Spoiled for choice
That doesn’t mean products sold in Australia have gotten any cheaper, but some say price is not the whole story.
Christie told CHOICE the overriding motive is better selection,
not savings, and that a core group has been behind the offshore buying
spree. “There are some very savvy online shoppers who have been driving
overseas sales, the same types who rush out to the stores for Boxing Day
sales. They’re out there, but that’s just a small part of the total
volume, and the buying spree driven by the favourable exchange rate has
already peaked. ”
Christie says overseas sales made through PayPal grew by a full
percentage point with each one cent gain as the Aussie dollar went from
85c to 92c against the greenback, but the pattern didn’t hold as the
dollar climbed from 92c to $1.10 in early May. A recent Australian Communications and Media Authority
(ACMA) report says 56% of consumers surveyed said they shopped overseas
websites for products that weren’t available here, while 41% said
cheaper prices was the motive. The report also says Australians would
rather shop at Australian stores.
But consumer feedback received by CHOICE tells a different story. In a May survey of about 3000 CHOICE members asking about online shopping habits
almost 50% more chose price than selection as a reason they shop
overseas; and in a May poll asking about price, respondents cited
dramatic differences between Aussie retailers and offshore websites for a
range of their favourite online purchases. In addition, the Australia Institute
a survey of nearly 1500 Australians in March that concluded that the
online retail boom “is overwhelmingly being driven by people wanting to
Third parties open doors to overseas shopping
Prior to the current online boom, it had been difficult – and sometimes impossible – to shop in the US from the other side of the planet unless you had a US credit card and shipping address. Other shopping destinations posed similar challenges.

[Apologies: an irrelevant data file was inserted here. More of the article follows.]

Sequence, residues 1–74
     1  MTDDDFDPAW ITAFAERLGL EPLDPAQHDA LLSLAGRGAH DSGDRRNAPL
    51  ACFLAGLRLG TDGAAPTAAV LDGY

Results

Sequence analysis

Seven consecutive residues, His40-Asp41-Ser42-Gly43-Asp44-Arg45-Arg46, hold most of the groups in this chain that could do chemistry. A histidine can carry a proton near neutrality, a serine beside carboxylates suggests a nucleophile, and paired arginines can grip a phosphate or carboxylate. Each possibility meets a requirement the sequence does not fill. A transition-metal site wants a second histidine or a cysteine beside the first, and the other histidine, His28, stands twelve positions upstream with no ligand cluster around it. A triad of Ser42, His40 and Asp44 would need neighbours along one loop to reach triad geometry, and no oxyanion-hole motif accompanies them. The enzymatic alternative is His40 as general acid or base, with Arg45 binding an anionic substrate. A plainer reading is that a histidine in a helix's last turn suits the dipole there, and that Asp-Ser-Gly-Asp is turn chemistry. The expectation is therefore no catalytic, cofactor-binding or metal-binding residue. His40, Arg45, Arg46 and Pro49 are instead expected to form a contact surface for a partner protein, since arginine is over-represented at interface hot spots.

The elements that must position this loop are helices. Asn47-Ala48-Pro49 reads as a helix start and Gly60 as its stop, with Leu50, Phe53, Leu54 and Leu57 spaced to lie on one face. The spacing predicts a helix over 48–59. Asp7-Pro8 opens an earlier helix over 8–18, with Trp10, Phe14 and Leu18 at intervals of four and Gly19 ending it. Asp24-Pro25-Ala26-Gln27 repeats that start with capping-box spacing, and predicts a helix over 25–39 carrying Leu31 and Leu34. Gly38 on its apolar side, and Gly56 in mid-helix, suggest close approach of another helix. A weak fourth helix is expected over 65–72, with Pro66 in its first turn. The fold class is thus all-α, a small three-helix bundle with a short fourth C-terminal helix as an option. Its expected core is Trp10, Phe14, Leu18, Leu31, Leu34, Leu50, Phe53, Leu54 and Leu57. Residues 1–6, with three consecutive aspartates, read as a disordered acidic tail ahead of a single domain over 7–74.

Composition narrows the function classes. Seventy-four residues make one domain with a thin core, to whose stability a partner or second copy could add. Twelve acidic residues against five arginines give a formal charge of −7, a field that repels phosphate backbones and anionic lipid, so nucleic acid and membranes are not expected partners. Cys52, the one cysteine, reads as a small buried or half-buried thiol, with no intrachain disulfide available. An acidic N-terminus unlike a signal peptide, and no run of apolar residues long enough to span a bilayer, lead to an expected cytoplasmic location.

Australians have been using third party transaction and delivery services such as PayPal’s HopShopGo, US-based Shipito and MyUS.com or Australian-based Price USA to get around this, but their services are becoming less necessary. So far there do not seem to be any equivalent UK services, but many UK online retailers ship to Australia. A growing number of overseas stores have adjusted their policies to allow Australians to shop with them directly.
A recent case in point is the introduction of ShopStyle to Australia in May. The site offers shopping at the likes of Saks Fifth Avenue, Barneys New York and other high-end retailers from around the world and lets you customise your search for retailers that ship to Australia. And one of Australia’s favourite overseas online destinations, UK fashion retailer asos.com, offers free shipping standard to Australia with a 6-12 day arrival window.
But be warned: overseas retailers are well aware of the exchange-rate advantage and are not above a little price gouging of their own. For example, a Canon G12 camera available here for $649 (at a suburban electronics store) was available at US retailer Ritz Camera for AUD$600 in late May if priced as an Australian buyer. Meanwhile, the price for US-based consumers was US$500 (AUD$469). Then again, we found the same camera at another US retailer, 42nd St Photo, for US$477 regardless of where you’re shopping from. (The Aussie dollar was worth $US1.06 when we made the comparison, bringing the price down to $449, excluding shipping costs.)
With Australians expected to spend $34 billion online in 2012, about $14.6 billion of this could be spent overseas if the trend continues. The future of Aussie retail may be at a crossroads as well. Better-functioning Australian websites with greater selection may bring in more business for local online retailers in the coming months, but price may be the deciding factor in the end. As Peter Prysten puts it, “this disparity is very difficult to explain”.
Online buying fraud - how to avoid getting scammed
Fear of getting ripped off is one of top reasons Australians avoid shopping online. To avoid getting fleeced:
Never give your personal password to anyone, including the business that helped you set it up. Legitimate businesses don’t ask for security details via email or phone.
Have up-to-date anti-virus, anti-malware, anti-spyware software on your computer.
Do not use the same password for different sites, and create strong passwords with a combination of letters and digits.
Only buy from websites that encrypt your payment details. You can tell by the https:// in the address bar (instead of http://) and a small padlock symbol on the bottom right of the browser. If something doesn’t look right, click on the padlock to view the SSL certificate and check that the owner matches the online shop and that the certificate has not expired.
If a website is unfamiliar, research the company, read buyer reviews, call the contact number, and check the refund, returns, privacy, delivery and guarantee policies.
Always re-check that the domain name matches the website. For example www.cols.com.au might be a fraudulent copy of www.coles.com.au